At the start of 2010, the Scottish-born American midfielder seemingly had the soccer world in the palm of his hand. At 24, he’d completed another standout year for the Houston Dynamo and moved to Bolton Wanderers, then a club with Premier League-standing.
Holden appeared on the verge of breaking through with the U.S. National Team, playing a starring role at the 2009 Gold Cup, including this stoppage-time stunner vs. Haiti.
Then, as quickly as it came, it went — as the Brits say — pear shaped.
First came a broken leg in a March 2010 friendly with the Netherlands at the hands of noted hatchet man Nigel de Jong. Holden missed the rest of the club season, but still made the U.S. World Cup roster for South Africa.
The bigger blow came in March 2011 on tackle by Manchester United’s Jonny Evans (not that kind of player!) that left Holden needing stitches as well as torn ligaments. He was sidelined 16 months by the injury, finally playing for Bolton again in January 2013.
Holden’s played on-loan at Sheffield Wednesday the remainder of this season in the English Championship (second division), appearing in five games for the Sheffield-based club. He’s done enough to impress U.S. boss Jurgen Klinsmann, who late Thursday said he’ll call the midfielder into the U.S. camp in May-June along with using him during this summer’s Gold Cup.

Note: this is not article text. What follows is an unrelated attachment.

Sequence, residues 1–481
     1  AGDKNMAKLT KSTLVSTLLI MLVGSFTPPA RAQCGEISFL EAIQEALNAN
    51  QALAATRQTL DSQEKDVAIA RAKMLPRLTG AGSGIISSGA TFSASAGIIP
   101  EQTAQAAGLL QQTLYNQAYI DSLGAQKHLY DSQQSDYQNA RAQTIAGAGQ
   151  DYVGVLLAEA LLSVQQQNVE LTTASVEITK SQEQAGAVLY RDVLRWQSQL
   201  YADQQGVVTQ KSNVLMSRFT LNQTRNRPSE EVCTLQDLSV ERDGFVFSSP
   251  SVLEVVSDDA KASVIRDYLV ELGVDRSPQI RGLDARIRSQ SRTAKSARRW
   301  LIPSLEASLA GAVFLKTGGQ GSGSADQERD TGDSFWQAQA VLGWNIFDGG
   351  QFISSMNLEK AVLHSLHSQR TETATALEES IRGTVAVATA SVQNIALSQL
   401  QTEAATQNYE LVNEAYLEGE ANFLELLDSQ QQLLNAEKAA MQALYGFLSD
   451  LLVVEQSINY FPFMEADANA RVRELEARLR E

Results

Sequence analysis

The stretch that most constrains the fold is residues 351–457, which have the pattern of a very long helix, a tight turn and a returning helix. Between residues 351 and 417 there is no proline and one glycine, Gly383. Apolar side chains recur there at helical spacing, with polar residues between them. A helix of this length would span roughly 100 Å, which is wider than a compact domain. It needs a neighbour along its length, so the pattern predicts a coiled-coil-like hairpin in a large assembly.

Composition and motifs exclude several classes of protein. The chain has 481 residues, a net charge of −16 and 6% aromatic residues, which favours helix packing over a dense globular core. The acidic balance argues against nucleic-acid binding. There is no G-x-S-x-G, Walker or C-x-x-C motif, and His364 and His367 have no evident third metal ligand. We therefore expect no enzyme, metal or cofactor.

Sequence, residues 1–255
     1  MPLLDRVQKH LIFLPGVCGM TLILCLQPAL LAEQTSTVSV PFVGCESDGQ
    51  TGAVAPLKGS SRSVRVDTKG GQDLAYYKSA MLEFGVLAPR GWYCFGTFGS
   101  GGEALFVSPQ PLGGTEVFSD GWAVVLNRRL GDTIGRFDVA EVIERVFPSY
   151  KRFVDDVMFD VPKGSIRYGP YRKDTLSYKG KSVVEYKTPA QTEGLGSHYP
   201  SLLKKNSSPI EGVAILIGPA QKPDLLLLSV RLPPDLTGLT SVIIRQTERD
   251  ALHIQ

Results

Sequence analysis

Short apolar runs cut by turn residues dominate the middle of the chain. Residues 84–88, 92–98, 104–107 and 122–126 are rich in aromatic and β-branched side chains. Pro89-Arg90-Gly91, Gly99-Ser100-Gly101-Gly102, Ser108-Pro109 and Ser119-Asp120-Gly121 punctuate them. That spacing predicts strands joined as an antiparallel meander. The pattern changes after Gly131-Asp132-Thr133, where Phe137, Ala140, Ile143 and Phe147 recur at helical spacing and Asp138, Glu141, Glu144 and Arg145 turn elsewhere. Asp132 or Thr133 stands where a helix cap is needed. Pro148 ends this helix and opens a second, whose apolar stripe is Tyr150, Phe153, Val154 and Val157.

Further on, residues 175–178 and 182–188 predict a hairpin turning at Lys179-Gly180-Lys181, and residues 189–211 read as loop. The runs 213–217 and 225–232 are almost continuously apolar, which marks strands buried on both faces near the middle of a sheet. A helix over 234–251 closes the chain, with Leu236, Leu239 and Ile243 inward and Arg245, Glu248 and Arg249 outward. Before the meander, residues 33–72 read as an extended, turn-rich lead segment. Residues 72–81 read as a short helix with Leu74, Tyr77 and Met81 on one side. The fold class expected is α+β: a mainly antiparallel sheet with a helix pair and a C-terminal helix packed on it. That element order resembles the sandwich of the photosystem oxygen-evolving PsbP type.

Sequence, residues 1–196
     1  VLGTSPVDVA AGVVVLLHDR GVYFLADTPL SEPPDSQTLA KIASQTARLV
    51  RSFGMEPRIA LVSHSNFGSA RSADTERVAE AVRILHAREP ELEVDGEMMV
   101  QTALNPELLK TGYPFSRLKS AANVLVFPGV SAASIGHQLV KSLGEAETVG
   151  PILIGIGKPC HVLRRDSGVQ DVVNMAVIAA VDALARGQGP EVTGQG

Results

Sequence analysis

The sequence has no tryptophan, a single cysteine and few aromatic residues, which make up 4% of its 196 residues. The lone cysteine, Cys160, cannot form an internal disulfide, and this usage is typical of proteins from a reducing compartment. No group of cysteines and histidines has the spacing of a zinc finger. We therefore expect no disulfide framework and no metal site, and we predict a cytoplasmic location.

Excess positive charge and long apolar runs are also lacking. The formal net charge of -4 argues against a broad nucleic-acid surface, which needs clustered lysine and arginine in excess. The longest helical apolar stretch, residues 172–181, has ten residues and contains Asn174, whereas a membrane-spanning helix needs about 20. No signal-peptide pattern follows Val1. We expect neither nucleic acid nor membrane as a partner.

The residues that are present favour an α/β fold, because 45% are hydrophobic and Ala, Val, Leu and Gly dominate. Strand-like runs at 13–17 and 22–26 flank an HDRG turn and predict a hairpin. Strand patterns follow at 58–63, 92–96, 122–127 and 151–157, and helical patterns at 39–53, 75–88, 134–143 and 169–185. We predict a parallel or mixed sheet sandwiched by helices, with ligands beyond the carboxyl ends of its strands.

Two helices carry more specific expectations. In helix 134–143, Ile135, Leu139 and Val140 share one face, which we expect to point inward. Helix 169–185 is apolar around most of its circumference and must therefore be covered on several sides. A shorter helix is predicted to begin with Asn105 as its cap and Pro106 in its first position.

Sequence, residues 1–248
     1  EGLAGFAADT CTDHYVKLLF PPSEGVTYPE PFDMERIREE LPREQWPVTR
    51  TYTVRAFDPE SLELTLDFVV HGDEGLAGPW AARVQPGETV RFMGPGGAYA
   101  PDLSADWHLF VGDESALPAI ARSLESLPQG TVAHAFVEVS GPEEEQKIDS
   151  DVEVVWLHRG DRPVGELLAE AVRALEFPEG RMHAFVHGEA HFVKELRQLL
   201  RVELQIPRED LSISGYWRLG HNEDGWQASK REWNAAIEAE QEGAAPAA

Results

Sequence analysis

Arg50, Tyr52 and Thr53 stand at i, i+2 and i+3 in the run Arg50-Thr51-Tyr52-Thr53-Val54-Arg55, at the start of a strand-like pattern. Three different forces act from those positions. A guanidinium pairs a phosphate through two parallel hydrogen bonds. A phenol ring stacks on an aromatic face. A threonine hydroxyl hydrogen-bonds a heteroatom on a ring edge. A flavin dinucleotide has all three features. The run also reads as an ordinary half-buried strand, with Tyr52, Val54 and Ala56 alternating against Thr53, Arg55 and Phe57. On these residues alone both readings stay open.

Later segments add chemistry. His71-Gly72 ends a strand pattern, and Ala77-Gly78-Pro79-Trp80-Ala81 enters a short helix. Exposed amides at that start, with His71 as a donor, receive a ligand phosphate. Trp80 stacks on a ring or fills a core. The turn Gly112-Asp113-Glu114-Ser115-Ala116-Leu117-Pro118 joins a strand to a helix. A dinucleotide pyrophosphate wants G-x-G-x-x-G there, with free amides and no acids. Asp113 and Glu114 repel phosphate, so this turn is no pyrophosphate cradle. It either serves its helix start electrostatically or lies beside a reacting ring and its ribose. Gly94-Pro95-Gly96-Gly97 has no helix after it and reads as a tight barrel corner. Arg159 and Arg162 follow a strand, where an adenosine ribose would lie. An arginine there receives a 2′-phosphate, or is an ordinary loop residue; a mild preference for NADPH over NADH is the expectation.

The wording is a little vague. Holden could be called into the camp later this month ahead of friendlies with Belgium and Germany, but not be a factor for the World Cup qualifiers in June. This seems the more likely option – bring Holden into the fold, see how far along he’s come and then use him extensively in the less-important Gold Cup.
Of course if he’s 100 percent and meshes with the squad, why not use him in June?
Don’t forget three years ago Holden seemed like the player the U.S. could build its midfield around with Michael Bradley going into this World Cup cycle. His first full season at Bolton (2010-11) he was named the club’s Player of the Year.
His two-way ability and creative spark would be a welcome addition to the current core of defensive-minded midfield grinders.
However it pans out, it’s good to see Holden back in the fold and not falling in the same category as John O’Brien, another technically-gifted American midfielder who saw his career cut short by numerous injuries ensuring he never lived up to the potential we saw flashed briefly in the 2002 World Cup.
[Photo via Getty]